A veteran of Internet advertising, Josh Reznick '98, became intimately familiar with all manner of digital measurement when he founded his first online marketing company a decade ago. After selling that company, Reznick realized that in spite of all the innovation that had occurred with search and display advertising, there was still an enormous amount of friction in the process of transforming a person who clicked on an ad into a paying customer, especially when the product or service required some human interaction or a longer sales cycle.
In 2009, Reznick founded Datalot to remove that friction. He had a vision of combining the online marketing channel with the phone channel so that the information that was gathered about people while they were online wouldn’t be lost when they picked up the phone. Reznick’s goal was to use that information to identify the most valuable customers and to capture and share that value with other members of the marketing ecosystem, as well as to provide a far superior experience for the customer.
Reznick built Datalot’s call generation and lead distribution infrastructure using the Twilio API because it was the most extensible of all the available telephony services. He liked that fact that he retained control of the data, as well as all decision logic, and that Twilio focused on providing straight-forward voice, SMS and VoIP services.
Twilio’s flexibility made it possible for Datalot to quickly exceed Reznick’s initial vision. Today, Datalot doesn’t just blindly deliver leads, it uses a variety of internal and third-party data points to predict how much a particular lead is worth. The company shares that information with lead buyers and conducts a real-time auction for that lead.
One of Datalot’s most popular products is a self-service, on-demand call buying tool that makes it possible for a company to set up a bidding schedule with customized filters. “Let’s say you have a small insurance company with five reps,” Reznick said. “Two reps are available to take calls at any one time. They can log in and based on settings they control, like filters for geography or age, they can bid on calls that are coming in. They can set a schedule so that they only receive calls between 10 a.m. and 4 p.m. And they can also set a concurrency cap, for example of two calls, so that bids automatically shut off whenever there are two calls on the line.”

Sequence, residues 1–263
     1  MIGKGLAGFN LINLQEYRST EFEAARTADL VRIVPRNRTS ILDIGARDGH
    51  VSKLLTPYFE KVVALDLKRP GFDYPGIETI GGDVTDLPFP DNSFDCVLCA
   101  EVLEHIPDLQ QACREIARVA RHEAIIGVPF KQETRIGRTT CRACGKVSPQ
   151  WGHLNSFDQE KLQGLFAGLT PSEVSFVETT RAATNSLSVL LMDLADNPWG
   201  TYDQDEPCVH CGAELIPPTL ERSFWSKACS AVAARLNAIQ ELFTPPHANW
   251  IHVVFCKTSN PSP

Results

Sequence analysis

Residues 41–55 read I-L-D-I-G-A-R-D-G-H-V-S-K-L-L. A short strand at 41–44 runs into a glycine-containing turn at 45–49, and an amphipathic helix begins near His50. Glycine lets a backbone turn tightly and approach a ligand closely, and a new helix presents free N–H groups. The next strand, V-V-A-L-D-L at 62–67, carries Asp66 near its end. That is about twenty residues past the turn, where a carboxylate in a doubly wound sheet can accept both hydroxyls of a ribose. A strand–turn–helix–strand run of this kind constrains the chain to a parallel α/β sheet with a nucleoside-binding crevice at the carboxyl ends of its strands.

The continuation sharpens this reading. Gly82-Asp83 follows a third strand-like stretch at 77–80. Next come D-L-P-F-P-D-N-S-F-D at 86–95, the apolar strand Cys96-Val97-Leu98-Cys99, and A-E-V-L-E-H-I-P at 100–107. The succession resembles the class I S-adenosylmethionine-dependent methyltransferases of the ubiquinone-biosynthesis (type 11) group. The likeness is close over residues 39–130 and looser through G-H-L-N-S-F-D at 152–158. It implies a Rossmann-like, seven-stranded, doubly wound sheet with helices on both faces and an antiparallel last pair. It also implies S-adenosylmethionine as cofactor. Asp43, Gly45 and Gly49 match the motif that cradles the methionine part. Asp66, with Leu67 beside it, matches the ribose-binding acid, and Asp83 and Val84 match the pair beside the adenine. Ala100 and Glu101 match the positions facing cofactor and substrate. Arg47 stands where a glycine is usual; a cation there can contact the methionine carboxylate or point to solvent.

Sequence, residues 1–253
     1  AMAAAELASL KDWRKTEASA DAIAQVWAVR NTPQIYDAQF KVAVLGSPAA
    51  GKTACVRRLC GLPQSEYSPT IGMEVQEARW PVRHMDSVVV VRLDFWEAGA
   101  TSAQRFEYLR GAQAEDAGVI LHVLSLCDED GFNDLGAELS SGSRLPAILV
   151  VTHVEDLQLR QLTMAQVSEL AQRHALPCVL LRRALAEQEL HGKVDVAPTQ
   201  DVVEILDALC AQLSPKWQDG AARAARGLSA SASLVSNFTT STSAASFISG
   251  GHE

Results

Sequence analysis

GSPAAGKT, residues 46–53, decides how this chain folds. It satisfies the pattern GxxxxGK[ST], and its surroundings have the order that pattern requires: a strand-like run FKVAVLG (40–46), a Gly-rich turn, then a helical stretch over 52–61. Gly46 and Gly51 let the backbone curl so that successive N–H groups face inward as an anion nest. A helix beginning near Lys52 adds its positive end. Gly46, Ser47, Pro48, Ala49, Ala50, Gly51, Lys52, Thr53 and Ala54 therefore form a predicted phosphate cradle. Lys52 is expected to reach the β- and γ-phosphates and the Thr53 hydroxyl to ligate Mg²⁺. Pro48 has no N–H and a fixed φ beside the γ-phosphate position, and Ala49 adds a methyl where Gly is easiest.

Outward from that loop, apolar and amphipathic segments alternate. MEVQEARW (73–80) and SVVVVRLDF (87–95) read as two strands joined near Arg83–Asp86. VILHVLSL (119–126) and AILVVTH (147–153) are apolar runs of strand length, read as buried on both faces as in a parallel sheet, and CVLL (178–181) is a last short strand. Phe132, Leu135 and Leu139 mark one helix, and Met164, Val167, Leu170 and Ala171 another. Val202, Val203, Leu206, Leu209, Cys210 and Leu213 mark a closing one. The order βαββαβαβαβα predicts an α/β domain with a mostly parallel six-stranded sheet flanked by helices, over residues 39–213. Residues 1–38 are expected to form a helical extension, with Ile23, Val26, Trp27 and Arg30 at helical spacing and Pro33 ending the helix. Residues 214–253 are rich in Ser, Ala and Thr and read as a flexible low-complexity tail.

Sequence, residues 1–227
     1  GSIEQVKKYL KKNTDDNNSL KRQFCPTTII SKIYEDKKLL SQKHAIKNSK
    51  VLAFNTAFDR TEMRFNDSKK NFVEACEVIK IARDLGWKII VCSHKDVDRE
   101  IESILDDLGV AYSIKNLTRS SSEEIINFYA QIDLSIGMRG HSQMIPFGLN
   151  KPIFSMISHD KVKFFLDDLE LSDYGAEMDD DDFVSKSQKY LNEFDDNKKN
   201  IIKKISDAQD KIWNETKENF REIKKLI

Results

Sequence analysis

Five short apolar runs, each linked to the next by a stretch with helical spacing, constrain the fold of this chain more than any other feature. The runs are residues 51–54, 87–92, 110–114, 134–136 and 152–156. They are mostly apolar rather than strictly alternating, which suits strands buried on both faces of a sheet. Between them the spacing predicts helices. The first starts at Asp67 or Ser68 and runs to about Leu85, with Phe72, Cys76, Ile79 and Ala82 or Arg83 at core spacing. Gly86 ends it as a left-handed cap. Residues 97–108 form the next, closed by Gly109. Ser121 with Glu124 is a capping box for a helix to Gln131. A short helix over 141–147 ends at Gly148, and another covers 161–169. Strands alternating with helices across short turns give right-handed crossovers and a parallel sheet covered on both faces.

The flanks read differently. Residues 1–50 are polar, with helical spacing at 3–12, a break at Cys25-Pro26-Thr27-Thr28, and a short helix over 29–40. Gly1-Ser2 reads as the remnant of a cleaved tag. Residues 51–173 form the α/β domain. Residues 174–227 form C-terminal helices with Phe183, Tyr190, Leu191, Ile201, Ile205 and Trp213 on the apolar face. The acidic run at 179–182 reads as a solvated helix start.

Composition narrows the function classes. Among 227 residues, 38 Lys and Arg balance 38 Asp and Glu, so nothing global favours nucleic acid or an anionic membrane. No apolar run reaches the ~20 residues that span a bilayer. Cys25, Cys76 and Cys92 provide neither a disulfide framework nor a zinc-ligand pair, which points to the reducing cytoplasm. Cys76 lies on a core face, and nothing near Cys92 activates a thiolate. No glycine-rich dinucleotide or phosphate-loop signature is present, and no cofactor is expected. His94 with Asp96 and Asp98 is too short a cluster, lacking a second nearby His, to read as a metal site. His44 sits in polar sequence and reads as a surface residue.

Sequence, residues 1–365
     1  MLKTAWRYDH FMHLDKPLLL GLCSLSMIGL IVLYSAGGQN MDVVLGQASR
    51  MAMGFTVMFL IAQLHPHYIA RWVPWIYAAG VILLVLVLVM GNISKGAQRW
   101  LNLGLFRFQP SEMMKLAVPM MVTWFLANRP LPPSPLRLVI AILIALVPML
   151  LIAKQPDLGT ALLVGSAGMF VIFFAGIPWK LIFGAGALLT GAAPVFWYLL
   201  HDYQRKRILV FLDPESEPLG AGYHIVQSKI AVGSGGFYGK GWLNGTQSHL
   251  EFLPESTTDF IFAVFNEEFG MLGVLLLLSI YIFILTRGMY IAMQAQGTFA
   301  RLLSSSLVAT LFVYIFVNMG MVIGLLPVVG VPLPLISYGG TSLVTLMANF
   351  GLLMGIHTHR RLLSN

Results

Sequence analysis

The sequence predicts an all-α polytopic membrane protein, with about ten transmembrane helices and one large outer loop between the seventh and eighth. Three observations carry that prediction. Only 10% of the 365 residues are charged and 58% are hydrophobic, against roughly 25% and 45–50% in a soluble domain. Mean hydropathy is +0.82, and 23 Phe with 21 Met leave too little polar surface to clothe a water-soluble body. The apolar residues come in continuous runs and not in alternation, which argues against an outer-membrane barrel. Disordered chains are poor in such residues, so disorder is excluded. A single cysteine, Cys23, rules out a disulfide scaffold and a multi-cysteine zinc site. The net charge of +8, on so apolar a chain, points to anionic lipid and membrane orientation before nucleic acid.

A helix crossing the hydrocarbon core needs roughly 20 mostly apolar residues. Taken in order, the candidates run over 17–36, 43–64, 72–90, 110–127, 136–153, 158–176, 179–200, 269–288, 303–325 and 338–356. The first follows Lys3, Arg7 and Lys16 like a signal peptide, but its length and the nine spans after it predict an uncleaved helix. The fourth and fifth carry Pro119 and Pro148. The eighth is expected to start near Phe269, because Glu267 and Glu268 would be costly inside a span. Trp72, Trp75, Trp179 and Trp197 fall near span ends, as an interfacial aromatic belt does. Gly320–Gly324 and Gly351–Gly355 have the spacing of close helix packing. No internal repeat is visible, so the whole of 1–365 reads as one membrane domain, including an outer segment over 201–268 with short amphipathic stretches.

Although similar in concept to Google AdSense, Datalot provides publishers looking to monetize their traffic with a far more lucrative revenue share. A publisher of insurance-related information (one of Datalot’s popular lead categories) that might have yielded $4.50 in a revenue share from Google AdSense can get $50 or more from Datalot.
In addition, Datalot prides itself on providing transparency across multiple channels and interaction points. To help publishers continue generating higher-value traffic, Datalot shares traffic-optimization information about the actions users take. This can include the length of their calls with an insurance agent and whether or not they clicked on an email sent by an agent a few days later. If they did, the publisher gets paid again.
Reznick said Datalot has also had a lot of success providing publishers with dynamic call tracking numbers. Using Twilio, Datalot dynamically provisions 10,000+ numbers a month.
Right now, Reznick said he is most excited about exploring the possibilities of Twilio Client, which provides all the functionality that Twilio offers at a lower price by transferring calls over the broadband network rather than the traditional telephone network. “We are building software that lets you run your entire sales center through the web browser, using Twilio as a back end,” Reznick said. “You just plug in a headset and you can start to field calls.”
Reznick imagines a day when a salesman is “off-duty” at his son’s Little League game, growing restless as the innings drag on. To pass the time, the salesman flips open his iPad, fires up Datalot, bids on a call and closes a deal. He gets a sales commission in 30 minutes, without stepping foot in the office.
That day, Reznick said, is rapidly approaching. “Servers and software aren’t the only things moving to the cloud,” Reznick said. “Skilled phone labor will be moving from centralized sales centers to a more distributed environment as well. Twilio has made it as easy as it can be for us to develop the awesome technology to power this shift.”
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